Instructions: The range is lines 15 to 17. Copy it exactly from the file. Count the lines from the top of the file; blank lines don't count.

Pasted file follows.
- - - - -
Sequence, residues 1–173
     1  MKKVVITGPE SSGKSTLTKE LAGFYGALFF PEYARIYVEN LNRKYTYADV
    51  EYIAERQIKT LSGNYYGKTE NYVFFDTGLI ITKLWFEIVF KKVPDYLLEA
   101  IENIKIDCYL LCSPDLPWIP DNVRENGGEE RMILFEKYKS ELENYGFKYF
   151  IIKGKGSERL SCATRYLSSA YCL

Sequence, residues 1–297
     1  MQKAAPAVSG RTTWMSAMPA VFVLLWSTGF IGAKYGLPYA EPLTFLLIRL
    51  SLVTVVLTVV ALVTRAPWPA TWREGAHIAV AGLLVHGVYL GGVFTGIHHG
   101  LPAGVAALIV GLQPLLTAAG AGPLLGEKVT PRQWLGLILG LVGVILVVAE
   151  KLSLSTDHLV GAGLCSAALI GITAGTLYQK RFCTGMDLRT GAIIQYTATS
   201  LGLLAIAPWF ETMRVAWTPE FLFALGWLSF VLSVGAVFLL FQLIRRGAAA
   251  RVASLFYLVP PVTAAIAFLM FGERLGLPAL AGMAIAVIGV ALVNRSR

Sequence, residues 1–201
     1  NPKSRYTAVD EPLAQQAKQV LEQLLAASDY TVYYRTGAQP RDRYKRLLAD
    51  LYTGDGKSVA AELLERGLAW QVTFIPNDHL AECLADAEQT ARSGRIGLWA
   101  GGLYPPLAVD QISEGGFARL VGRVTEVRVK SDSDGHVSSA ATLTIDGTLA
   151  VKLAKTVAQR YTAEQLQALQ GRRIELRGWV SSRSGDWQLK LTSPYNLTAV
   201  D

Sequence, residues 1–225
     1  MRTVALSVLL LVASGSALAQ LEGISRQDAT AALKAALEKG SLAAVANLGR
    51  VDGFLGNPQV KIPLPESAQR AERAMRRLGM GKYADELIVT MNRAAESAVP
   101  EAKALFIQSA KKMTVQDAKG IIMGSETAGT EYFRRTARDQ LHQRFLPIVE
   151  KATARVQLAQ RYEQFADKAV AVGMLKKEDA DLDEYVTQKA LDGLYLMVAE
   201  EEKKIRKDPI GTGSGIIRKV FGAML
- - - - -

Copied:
    51  LYTGDGKSVA AELLERGLAW QVTFIPNDHL AECLADAEQT ARSGRIGLWA
   101  GGLYPPLAVD QISEGGFARL VGRVTEVRVK SDSDGHVSSA ATLTIDGTLA
   151  VKLAKTVAQR YTAEQLQALQ GRRIELRGWV SSRSGDWQLK LTSPYNLTAV